The New York Times analyzed federal records to find that practically ever L.I.R.R. employee, even those with desk jobs, applied for and received disability pay. Apparently, most are able-bodied until they retire. However, the Railroad Retirement Board rarely rejects a disability claim.
To understand what it’s like to work on the railroad — the Long Island Rail Road — a good place to start is the Sunken Meadow golf course, a rolling stretch of state-owned land on Long Island Sound.
During the workweek, it is not uncommon to find retired L.I.R.R. employees, sometimes dozens of them, golfing there. A few even walk the course. Yet this is not your typical retiree outing.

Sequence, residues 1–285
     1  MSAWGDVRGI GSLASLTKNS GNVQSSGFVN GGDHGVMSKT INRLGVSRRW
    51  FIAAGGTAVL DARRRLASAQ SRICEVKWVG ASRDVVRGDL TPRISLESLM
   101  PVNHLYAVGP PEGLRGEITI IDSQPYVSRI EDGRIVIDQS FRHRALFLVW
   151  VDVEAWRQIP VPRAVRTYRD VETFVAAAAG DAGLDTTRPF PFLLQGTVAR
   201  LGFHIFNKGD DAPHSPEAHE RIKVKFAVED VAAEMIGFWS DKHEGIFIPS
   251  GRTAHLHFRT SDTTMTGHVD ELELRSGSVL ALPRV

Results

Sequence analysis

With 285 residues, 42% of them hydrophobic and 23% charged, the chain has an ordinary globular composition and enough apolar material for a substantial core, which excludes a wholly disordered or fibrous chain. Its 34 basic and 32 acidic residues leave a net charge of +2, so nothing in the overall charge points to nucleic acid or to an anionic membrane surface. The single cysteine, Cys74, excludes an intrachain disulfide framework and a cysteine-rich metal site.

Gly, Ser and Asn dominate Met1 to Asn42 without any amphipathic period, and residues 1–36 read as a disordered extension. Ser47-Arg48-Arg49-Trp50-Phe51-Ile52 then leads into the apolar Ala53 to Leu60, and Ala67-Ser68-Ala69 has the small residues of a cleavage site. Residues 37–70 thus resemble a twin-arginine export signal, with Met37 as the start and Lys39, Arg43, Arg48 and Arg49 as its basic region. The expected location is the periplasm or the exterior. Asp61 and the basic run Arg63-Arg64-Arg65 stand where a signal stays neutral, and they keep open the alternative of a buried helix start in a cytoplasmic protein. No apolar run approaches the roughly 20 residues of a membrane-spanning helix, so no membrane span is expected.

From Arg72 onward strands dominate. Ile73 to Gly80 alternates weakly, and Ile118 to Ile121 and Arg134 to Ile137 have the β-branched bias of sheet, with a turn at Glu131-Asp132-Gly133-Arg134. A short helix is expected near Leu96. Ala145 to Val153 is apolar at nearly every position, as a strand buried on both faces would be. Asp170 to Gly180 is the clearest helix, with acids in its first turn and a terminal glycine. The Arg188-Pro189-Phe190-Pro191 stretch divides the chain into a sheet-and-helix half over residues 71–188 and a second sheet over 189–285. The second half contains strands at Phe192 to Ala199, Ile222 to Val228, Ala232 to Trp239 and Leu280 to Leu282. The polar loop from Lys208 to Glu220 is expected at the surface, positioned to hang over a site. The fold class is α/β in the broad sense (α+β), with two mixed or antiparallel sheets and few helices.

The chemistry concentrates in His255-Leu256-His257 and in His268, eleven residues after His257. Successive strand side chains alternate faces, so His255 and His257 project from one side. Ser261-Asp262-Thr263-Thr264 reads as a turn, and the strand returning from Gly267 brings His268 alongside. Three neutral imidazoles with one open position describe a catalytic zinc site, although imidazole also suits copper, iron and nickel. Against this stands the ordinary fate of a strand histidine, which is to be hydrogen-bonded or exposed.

These golfers are considered disabled. At an age when most people still work, they get a pension and tens of thousands of dollars in annual disability payments — a sum roughly equal to the base salary of their old jobs. Even the golf is free, courtesy of New York State taxpayers.
With incentives like these, occupational disabilities at the L.I.R.R. have become a full-blown epidemic.
UPDATE: Agents raid office in L.I.R.R. Disability Inquiry; The New York Times